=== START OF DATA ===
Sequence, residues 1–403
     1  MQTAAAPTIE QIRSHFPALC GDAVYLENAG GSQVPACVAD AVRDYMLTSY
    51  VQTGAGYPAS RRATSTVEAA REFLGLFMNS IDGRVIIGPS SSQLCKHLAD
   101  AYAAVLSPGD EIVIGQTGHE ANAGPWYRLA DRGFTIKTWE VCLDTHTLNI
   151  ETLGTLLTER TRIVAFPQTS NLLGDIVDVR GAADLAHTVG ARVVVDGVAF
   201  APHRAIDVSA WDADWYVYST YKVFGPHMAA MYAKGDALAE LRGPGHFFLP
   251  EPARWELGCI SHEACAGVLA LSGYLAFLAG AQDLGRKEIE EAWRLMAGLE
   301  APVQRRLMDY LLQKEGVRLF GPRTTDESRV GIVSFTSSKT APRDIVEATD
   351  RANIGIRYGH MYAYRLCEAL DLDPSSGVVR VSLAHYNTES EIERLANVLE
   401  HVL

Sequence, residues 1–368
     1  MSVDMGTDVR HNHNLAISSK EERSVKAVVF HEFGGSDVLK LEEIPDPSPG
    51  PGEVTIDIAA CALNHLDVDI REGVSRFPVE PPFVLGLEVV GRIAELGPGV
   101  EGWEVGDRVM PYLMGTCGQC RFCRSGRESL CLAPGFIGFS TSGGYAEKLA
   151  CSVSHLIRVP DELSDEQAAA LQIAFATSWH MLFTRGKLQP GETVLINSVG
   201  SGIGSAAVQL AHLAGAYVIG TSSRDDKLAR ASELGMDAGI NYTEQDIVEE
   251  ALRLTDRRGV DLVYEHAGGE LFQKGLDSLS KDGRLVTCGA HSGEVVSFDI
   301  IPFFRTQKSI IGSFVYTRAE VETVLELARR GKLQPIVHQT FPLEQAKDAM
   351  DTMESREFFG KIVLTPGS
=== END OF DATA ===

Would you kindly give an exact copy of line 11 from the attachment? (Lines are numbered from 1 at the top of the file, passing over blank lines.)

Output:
Sequence, residues 1–368